Britain’s largest retailers kicked off 2023 strongly last week, posting better than expected Christmas sales, signalling the consumer is holding up a bit better than feared.
Tesco’s like for like sales were 7.9 per cent higher, while Marks and Spencer pocketed a 7.2 per cent rise. Sainsbury’s also posted record Christmas sales.
Those bumper numbers, alongside a shock 0.1 per cent GDP rise in November confirmed by the ONS on Friday, indicate some of the worst bets on the UK economy may not materialise.
But, despite the decent set of results, shares of supermarkets Tesco and Sainsbury’s dropped sharply, before rallying at the back end of the week. A similar thing happened to M&S.
Retailers warned of a slow burning spending slump throughout 2023 in their forward guidance last week, prompting traders to look through their upbeat festive performances and instead focus on the year ahead.
The next few months will be tricky as retailers continue to battle cost pressures, higher interest rates and the cost of living crisis squeezing household finances.
“Retailers like a gentle inflation dynamic,” said Neil Wilson, chief market analyst at Finalto Trading, “but the current situation is more disruptive”.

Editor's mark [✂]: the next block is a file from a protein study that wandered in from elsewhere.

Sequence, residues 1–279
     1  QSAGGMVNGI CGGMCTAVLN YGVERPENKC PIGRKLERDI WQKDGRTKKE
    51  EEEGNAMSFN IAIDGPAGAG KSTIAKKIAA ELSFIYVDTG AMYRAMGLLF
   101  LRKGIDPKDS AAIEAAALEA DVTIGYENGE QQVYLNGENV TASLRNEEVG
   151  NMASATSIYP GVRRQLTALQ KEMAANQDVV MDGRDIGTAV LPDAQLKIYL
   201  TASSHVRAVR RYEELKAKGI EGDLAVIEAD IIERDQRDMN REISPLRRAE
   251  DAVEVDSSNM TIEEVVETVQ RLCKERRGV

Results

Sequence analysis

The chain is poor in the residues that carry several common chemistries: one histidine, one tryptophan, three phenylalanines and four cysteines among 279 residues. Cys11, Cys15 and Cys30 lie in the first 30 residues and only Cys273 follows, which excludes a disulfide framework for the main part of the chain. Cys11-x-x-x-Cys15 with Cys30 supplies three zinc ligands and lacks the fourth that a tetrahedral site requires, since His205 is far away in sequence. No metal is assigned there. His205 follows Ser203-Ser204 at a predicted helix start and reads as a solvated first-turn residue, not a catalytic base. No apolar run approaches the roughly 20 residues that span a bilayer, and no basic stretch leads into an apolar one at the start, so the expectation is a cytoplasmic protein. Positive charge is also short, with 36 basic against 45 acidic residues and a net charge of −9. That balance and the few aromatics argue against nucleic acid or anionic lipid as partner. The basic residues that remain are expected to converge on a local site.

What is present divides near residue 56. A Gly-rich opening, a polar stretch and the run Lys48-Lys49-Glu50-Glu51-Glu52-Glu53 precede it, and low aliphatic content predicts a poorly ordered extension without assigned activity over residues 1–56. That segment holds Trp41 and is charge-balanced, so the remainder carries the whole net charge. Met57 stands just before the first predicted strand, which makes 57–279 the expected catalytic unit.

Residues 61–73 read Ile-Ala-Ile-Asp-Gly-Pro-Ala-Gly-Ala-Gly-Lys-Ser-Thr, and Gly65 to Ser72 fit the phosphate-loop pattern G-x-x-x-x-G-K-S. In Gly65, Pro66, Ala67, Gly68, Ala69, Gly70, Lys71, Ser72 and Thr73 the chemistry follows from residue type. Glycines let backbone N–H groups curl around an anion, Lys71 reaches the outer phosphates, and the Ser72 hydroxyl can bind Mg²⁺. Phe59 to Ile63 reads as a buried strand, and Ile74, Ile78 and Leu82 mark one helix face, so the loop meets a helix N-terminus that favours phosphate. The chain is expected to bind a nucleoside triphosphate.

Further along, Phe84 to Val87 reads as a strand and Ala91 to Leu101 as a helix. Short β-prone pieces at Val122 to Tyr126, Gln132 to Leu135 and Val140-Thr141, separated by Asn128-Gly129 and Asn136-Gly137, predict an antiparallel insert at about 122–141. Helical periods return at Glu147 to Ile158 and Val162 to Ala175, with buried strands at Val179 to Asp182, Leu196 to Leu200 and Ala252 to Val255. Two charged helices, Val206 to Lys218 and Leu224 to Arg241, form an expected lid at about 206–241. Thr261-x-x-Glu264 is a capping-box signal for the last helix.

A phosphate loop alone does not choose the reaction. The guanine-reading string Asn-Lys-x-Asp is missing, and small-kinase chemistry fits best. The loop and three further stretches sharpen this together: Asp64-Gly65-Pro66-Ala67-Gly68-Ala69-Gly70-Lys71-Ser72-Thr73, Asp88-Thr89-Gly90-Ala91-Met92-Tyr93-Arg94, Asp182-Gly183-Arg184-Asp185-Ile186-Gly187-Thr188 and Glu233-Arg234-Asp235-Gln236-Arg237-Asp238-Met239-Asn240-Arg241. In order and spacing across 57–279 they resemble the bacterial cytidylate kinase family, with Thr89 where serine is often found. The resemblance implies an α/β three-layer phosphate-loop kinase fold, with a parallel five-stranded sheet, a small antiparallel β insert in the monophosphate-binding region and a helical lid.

Investment group Shore Capital also warned against too much fourth-quarter optimism due to a “worryingly uncertain” macroeconomic future in the UK.
Frugal consumers might turn their trolleys to discounters Aldi and Lidl, raising concerns over whether the big supermarkets can retain market share.
The likes of Tesco and co may have to lower prices to ‘price match’ to hold onto customers, all whilst dealing with painful input inflation, squeezing margins.
Sophie Lund-Yates, Lead Equity Analyst at Hargreaves Lansdown, said discounting is the “elephant in the room”.
With Christmas done and dusted, customers are likely to rein in unnecessary spending or be strapped for cash after forking out on festive expenses.
Attention will turn to the more discretionary retailers Boohoo, WH Smiths and Currys updating markets this week.
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